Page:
Also, my freedom doesn’t mean it always goes well. There is a lot of responsibility with playing a total new set with new tracks from different genres every week. I think I’m mostly on the edge of failing because I like to take risks. I think this edge gives me power and energy to constantly improve and be a better DJ. This way of thinking feels like an accomplishment to me and hopefully it’ll inspire other likeminded people.
Let’s talk about Never Break Faith. You’ve said that this song is a “story of struggling instead of the glamorous.” Why did you choose to tell this story?
Never Break Faith is a story about an artist struggling with his authentic persona in a world based on consumerism, fast data, image and status. He chose to be the perfect identity we always see on social media – it’s the artist people want you to be, the people’s artist. He finally realised that it eats him up because he has conflicting images and thoughts about his future being. Then, he decided that he needs to kill the perfect self in order to be his true self, the authentic self. This is the self that is full of scars walking on the path of suffering towards success. He realises that this is his most genuine way to be the artist he always wanted to be. It’s a copy of his true persona parallel to his artist image.
The reason why I’m telling this is because I feel we are losing our authenticity and our unique aesthetics because we are constantly projected with images based on a superior being that does not exist. For me it’s important to be the artist who tells his own personal and spiritual journey, that really has existed. It’s a true being packed in the form of an artist full with substance and context. There is real history inside of me with a story that I feel that I need to tell.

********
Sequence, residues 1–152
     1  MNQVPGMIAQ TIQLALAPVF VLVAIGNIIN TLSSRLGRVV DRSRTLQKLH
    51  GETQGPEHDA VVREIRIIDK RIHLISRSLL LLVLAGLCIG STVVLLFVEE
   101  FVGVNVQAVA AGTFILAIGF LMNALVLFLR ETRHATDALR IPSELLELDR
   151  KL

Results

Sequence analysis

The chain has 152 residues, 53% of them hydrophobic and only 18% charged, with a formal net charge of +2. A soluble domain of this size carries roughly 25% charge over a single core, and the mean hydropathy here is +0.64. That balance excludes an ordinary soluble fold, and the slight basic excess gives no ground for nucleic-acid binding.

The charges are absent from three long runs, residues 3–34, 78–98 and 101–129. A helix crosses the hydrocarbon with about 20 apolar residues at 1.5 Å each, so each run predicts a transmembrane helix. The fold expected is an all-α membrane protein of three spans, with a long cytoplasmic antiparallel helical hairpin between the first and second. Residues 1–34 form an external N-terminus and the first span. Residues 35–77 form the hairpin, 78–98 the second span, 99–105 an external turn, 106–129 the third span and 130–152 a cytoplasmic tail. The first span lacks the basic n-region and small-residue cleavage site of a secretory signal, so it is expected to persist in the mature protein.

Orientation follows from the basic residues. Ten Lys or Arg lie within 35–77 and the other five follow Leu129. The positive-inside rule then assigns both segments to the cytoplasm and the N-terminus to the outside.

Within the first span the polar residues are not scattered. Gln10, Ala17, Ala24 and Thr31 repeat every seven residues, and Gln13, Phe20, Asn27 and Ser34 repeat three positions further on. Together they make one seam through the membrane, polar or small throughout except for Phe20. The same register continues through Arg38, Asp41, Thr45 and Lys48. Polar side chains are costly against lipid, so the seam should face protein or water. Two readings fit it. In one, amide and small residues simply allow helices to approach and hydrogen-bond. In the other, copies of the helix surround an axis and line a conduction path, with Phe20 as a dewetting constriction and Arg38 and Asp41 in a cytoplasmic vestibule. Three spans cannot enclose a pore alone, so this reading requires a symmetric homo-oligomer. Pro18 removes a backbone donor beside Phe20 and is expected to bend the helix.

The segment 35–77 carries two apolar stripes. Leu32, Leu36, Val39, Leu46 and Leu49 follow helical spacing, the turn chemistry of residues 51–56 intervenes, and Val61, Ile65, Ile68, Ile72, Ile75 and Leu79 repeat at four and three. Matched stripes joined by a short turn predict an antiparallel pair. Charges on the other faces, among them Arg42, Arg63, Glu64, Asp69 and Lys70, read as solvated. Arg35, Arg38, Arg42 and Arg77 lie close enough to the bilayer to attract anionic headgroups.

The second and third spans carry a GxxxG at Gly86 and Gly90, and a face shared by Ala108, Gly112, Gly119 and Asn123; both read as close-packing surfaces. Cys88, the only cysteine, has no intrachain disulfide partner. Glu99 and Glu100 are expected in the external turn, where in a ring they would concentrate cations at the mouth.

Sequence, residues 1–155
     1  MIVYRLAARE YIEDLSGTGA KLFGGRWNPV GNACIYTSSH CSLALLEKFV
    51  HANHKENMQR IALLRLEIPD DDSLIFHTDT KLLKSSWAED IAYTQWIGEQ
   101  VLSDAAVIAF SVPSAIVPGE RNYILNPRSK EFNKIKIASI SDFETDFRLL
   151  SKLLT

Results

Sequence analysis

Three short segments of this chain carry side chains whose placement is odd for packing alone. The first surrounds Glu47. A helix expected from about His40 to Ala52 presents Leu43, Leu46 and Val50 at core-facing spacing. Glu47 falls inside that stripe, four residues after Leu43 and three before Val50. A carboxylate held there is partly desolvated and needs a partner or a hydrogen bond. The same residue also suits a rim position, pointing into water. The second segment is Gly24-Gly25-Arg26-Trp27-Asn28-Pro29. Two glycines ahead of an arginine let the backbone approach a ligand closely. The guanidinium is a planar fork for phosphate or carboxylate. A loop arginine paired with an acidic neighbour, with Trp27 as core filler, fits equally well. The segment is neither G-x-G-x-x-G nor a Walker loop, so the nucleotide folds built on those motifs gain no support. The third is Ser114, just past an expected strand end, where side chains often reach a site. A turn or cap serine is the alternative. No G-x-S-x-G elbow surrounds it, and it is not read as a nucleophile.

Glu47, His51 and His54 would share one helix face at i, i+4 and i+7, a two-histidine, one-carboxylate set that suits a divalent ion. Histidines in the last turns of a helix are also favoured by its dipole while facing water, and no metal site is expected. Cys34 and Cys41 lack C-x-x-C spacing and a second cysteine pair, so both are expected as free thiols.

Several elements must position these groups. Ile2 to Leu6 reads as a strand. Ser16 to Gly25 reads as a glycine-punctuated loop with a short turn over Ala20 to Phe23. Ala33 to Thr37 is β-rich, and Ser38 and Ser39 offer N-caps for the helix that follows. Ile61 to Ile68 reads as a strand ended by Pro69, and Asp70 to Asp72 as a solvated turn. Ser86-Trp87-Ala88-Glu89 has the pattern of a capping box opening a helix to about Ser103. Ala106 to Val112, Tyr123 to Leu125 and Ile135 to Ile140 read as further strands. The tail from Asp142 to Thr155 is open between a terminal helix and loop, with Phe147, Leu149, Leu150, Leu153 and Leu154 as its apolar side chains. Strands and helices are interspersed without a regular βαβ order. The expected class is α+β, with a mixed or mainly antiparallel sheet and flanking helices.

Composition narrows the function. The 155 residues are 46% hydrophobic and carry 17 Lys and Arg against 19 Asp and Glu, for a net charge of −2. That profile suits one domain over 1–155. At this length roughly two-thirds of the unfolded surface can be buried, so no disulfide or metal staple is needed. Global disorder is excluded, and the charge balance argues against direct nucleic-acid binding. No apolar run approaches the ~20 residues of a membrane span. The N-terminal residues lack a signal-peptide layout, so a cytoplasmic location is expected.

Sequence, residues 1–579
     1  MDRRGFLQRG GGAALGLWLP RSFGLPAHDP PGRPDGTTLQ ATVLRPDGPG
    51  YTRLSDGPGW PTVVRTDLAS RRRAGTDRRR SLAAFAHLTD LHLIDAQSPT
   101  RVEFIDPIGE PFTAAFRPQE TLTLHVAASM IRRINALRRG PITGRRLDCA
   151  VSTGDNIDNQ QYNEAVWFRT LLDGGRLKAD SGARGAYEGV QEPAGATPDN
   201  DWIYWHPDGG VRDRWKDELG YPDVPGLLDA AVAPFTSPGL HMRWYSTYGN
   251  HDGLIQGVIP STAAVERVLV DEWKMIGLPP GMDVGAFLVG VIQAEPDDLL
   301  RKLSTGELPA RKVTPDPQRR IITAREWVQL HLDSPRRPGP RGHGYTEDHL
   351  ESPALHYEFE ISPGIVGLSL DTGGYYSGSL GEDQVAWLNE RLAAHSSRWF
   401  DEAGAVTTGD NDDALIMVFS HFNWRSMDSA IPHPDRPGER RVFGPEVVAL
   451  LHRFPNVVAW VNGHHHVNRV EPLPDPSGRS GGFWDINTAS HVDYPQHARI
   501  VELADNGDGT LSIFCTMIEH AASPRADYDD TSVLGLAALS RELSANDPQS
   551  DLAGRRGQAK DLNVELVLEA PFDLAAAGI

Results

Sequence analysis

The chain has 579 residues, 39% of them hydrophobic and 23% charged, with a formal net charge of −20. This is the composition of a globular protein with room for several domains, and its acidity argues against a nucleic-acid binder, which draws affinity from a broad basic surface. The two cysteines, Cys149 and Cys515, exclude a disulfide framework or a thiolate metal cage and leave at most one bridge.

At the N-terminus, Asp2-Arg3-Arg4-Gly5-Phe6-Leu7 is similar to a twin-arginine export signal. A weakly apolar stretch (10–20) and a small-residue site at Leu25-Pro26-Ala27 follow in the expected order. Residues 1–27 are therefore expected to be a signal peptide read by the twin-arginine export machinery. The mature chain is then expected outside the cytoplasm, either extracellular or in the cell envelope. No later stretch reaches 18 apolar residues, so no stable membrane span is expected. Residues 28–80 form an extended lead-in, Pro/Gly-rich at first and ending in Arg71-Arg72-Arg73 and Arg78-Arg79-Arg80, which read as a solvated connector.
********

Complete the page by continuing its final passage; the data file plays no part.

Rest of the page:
What I want to tell is that even though we are struggling and in pain, it’s okay to show it and talk about it. If you feel lost and have nowhere to latch onto, you need to trust yourself but in order to do that you need be accepting of your pain and suffering. We all have our unique stories but you must find the power to search for it and empower it, and to do that we need role models. I would like to take this opportunity to spread the knowledge I have and currently am learning. It came at the right time, when the majority of the electronic scene is becoming commercialised. And that’s for the better for the industry, but not always for those who want to show a unique and independent story. So where do you draw your lines or where do you break your rules to go your own way? I think this is a never-ending struggle of the artist you want to be. For me, it’s important to hold on to your own morals and never let them slip away. It will be a long road to your success but this long road of suffering will be worthwhile in the future.